Photography has recently seen a boom as both an art form and as an investment. TV programs like Sky’s ‘Master of Photography’ and the BBC's ‘Britain In Focus’ illustrate photography’s rising popularity. With social media giving us a place to ‘exhibit’ photographs taken with increasingly high tech mobile phone cameras, more of us are turning to photography as a way to tell our stories. And with photography becoming more attainable for everyone, really great photographs taken by skilled professionals have become even more desirable.
Digital Photography enables some beautiful editing that wasn’t previously available to photographers without a multitude of darkroom skills. But there is still something special about those one-off, manually focussed images caught by a photographer in a split-second, like this one of the Red Arrows taken by 100 Prints contributor, Andy Scaysbrook in the mid-90’s. It was the core image in a body of work that helped him win one of his Press Photographer of the Year awards.
It's this kind of provenance and the technical knowledge of our photographers that gives their work value as an investment.
Here at 100 Prints, we aim to identify a new breed of collectible art by emerging and established British photographers whose talent has already been acknowledged by their peers but hasn’t been picked up by the more mainstream galleries. We aim to bring you affordable, beautiful work that will only grow in value - collectible photography doesn’t have to cost a fortune. Choose a piece you love from a reputable website or gallery, make sure it has all the authentication it needs, hang it on your wall and enjoy it while it appreciates in value.
As Elton John said of his ‘The Radical Eye: Modernist Photography from the Sir Elton John Collection’ exhibition (running at The Tate Modern until May 7th 2017. Update: now extended until 21st May):
“I often go around private galleries and collections and I see all the big obvious photographs by the masters, which are great, but I’m thinking, where is your personal selection? Where is the art that cost $150? …That’s the great thing about photography – you can walk into a gallery and see something that’s really beautiful and inspiring and it will cost you, well, 500 quid.”
One of Sir Elton’s first investment pieces was a vintage print of ‘Glass Tears’ by Man Ray for which he paid £112,500. At the time that was a record amount for an auctioned photograph, then a ‘quiet area’ of art - only 6 years later another vintage print of the same photograph sold for over $1 million. Photographers like Peter Like, Andreas Gursky & Cindy Sherman now realise up to $6.5 million for a single print.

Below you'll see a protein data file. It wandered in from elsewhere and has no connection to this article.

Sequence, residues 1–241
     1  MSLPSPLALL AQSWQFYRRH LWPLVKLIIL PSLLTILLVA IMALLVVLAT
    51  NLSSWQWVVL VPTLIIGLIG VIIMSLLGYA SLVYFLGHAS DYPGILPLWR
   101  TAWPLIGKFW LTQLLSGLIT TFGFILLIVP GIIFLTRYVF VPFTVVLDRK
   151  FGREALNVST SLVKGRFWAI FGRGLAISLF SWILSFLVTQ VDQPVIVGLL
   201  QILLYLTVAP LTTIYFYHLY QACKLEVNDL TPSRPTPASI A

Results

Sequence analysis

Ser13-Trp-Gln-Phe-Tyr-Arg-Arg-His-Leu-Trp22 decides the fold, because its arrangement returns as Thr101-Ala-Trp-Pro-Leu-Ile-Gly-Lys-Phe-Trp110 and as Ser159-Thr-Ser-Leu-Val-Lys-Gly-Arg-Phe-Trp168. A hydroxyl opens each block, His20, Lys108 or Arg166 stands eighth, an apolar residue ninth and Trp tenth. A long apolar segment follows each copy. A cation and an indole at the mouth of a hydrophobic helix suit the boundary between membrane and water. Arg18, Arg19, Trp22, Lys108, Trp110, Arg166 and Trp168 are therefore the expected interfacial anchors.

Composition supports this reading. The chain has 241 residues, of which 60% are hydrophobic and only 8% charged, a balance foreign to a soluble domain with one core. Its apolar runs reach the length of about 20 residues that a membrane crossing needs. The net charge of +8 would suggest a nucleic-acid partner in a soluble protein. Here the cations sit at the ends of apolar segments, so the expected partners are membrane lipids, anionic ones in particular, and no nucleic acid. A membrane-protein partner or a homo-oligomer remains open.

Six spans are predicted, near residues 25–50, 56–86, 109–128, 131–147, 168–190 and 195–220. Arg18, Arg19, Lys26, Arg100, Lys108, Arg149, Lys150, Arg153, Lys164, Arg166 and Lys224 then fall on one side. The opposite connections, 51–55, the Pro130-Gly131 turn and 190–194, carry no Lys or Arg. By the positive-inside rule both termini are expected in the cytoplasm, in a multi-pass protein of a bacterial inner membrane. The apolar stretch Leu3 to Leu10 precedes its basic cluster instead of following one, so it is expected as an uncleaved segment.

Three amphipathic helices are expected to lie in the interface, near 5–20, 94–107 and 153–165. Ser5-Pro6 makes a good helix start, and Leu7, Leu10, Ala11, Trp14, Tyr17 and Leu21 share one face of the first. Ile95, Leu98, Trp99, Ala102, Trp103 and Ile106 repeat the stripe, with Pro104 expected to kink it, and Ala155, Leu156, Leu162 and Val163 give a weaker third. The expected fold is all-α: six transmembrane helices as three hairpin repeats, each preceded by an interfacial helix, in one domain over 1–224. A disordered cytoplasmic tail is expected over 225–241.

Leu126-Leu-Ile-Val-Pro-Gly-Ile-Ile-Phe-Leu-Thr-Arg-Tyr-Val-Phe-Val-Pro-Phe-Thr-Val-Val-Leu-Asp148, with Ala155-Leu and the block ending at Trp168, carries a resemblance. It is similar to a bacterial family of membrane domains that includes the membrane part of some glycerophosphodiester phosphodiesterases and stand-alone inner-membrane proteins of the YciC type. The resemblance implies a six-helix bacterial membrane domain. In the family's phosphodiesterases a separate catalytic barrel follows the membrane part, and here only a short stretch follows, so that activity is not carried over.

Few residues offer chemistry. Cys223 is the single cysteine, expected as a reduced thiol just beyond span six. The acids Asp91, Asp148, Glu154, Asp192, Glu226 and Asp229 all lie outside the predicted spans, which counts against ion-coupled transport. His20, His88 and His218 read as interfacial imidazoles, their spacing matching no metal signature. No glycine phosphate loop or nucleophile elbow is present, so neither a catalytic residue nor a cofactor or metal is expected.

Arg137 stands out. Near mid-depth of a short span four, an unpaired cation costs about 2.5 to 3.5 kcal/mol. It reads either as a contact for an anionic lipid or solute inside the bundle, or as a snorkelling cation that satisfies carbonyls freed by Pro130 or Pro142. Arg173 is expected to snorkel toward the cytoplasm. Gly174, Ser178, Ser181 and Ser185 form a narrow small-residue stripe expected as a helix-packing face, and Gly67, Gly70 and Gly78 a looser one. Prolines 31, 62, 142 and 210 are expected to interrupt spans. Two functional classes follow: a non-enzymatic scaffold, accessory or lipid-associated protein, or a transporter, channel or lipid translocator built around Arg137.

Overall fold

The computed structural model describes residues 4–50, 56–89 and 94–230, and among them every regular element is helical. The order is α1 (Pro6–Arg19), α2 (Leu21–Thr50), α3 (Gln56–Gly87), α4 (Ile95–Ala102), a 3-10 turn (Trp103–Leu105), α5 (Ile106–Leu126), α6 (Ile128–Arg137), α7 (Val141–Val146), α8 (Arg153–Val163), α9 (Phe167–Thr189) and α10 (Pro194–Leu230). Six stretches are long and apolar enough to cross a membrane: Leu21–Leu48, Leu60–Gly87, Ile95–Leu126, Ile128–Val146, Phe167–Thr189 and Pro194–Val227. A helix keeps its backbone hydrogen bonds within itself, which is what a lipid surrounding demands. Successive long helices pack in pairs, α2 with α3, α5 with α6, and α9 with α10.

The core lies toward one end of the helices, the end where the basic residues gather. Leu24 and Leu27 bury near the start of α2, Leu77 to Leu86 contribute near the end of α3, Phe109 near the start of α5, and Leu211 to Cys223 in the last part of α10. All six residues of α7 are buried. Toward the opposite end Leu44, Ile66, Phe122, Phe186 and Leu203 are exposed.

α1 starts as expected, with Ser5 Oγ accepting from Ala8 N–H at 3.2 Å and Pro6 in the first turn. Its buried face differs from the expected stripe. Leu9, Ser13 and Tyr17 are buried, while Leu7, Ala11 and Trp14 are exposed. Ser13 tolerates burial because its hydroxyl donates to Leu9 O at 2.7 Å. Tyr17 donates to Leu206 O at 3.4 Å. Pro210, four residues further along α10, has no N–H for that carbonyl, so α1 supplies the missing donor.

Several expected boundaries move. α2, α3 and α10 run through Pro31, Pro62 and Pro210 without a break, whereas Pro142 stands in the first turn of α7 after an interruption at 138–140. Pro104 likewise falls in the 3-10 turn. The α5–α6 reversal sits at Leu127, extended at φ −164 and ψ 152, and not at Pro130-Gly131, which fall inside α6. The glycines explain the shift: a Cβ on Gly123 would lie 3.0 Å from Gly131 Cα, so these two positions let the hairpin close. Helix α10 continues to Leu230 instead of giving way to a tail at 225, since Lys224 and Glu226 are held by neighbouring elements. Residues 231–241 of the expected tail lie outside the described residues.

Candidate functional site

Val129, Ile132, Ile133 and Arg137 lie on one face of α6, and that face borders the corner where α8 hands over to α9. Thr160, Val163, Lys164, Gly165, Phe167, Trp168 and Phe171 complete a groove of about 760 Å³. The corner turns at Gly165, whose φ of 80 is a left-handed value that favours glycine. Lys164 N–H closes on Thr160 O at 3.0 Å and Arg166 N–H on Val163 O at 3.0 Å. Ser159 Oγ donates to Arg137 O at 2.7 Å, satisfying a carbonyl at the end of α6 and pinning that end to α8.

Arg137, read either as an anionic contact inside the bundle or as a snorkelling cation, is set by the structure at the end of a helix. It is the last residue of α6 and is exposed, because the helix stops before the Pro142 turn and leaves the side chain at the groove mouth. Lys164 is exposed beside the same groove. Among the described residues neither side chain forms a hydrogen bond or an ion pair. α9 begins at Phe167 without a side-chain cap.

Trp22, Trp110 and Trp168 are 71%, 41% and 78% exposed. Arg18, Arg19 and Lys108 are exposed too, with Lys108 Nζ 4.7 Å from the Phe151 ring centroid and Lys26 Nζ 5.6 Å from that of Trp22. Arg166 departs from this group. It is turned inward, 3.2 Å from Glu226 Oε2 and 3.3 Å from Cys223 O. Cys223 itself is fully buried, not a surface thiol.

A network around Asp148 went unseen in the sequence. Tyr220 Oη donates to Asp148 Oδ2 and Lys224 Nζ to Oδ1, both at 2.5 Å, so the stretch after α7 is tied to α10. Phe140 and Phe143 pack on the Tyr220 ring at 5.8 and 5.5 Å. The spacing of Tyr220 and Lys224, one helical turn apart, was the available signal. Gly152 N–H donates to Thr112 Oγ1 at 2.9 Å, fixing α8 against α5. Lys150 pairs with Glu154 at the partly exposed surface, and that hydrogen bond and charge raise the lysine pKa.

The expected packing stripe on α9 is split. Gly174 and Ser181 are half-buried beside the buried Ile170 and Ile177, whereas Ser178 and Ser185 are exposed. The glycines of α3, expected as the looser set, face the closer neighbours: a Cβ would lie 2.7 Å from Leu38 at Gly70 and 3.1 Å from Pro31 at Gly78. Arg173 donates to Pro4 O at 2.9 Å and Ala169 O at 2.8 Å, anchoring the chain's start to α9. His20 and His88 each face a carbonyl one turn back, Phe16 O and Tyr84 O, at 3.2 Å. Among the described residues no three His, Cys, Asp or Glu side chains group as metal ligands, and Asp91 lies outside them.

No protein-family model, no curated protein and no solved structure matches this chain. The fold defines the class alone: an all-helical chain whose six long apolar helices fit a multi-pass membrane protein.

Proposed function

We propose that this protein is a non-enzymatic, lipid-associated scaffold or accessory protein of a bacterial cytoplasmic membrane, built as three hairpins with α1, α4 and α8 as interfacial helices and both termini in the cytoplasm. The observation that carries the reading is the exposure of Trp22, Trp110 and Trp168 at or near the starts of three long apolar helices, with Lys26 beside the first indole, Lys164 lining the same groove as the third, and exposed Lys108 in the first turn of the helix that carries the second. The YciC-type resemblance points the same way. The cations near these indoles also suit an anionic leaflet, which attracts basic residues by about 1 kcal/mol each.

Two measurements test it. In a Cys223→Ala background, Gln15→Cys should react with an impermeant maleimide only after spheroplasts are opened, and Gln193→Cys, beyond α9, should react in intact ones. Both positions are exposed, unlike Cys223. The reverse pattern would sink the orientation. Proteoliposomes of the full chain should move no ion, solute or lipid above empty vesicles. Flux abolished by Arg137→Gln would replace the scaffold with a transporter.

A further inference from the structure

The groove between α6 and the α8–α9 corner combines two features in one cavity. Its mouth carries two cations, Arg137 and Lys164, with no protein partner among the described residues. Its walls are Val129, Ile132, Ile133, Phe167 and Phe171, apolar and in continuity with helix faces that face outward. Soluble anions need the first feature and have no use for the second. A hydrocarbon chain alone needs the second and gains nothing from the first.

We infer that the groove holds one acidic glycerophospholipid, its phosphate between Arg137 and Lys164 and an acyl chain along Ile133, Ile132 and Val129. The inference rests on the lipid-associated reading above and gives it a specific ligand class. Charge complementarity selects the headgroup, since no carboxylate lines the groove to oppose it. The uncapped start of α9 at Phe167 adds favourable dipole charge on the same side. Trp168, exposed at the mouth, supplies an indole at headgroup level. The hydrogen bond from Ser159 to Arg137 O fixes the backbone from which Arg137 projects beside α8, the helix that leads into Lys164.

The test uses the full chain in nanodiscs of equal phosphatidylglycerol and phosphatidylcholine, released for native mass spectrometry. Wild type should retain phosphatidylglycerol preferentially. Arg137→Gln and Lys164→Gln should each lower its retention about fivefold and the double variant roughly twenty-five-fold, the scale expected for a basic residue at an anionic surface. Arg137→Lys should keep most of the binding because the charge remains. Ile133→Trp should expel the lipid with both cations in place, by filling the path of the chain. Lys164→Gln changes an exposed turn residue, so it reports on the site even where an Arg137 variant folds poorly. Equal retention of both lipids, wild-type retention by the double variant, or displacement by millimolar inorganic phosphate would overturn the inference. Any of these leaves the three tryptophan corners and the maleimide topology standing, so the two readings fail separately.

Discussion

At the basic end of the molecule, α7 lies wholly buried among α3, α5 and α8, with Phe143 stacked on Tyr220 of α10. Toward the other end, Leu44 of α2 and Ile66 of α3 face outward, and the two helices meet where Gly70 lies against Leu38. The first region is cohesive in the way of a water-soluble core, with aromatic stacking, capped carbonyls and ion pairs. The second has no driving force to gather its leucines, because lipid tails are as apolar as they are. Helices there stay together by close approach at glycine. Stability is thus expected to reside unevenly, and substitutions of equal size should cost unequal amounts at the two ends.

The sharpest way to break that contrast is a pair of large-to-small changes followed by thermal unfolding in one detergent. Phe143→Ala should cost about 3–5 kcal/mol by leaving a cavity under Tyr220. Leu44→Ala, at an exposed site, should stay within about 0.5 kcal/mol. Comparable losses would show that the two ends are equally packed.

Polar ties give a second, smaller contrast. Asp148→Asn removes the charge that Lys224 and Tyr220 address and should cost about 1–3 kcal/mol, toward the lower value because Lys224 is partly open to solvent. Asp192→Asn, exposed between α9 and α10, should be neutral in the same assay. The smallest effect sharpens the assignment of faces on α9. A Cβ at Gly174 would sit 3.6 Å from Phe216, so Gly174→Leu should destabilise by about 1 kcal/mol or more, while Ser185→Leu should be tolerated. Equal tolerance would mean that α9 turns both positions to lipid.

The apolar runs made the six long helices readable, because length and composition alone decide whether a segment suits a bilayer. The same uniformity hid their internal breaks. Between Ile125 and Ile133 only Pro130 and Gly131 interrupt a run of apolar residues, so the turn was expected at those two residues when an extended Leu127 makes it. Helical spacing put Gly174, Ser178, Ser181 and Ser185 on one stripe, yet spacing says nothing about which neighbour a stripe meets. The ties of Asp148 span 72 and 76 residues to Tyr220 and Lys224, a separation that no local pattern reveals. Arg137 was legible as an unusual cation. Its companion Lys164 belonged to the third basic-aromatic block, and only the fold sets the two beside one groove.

So what makes a piece collectible? If you’re considering building a Photography Collection or you’re looking for a piece to set off your new interior, here's our top tips on what to look out for.
Our number one tip would be to buy work that you love. When you see a print that inspires you, have a dig into the photographer’s background & reputation. Most professional photographers will have their own websites, often with timelines or a biography of their achievements to date. Have they won any awards? Have they had any editorial features? Have they been featured in any exhibitions? How long has their career lasted? Any of these should suggest a photographer has a strong body of work, as Laura Noble, author of the book ‘the Art of Collecting Photography” says “You can see their trajectory and their commitment and consistency.”
The Image Itself
It is part of a series or specific body of work? Is it early or late in the series? Is it a strong example? Look at colours, detail, composition. If you're serious about collecting photography then get to know your subject. Visit galleries, research online... get out and about and see what's popular. For example, at the moment drones are making it much easier to get aerial views which is making them fashionable and introducing a new era of photography. Is street photography or landscapes your thing? Are you a lover of classic black & whites or do you like the effects gained by clever editing skills?
Whilst the former details are a good way to gauge how likely the photo is to increase in value, you have to love the photo if you're going to hang it on your walls.
Editions began in the 1970s as a way to overcome the problem photographers were having with the ease of printing their images over and over again. It was a commitment by the photographer or their agent to only sell a limited number of each image, thereby holding - or increasing - their worth.
Generally around 100-200, the smaller the edition is, generally, the higher the price. It is common for prices to increase as the Editions sell out. You should always make sure there is documentation that the print belongs to the edition - reputable galleries will include a Certificate of Authenticity with each print.
If a print has an interesting history, for example, its been used in an exhibition, published by a well-respected magazine (like our National Geographic Collection) or owned by a famous person, it makes it more attractive to an investor.
If you would like any further information on any of the photographs on 100 Prints, please email us with the names of the image and the photographer and we will do our best to find out for you.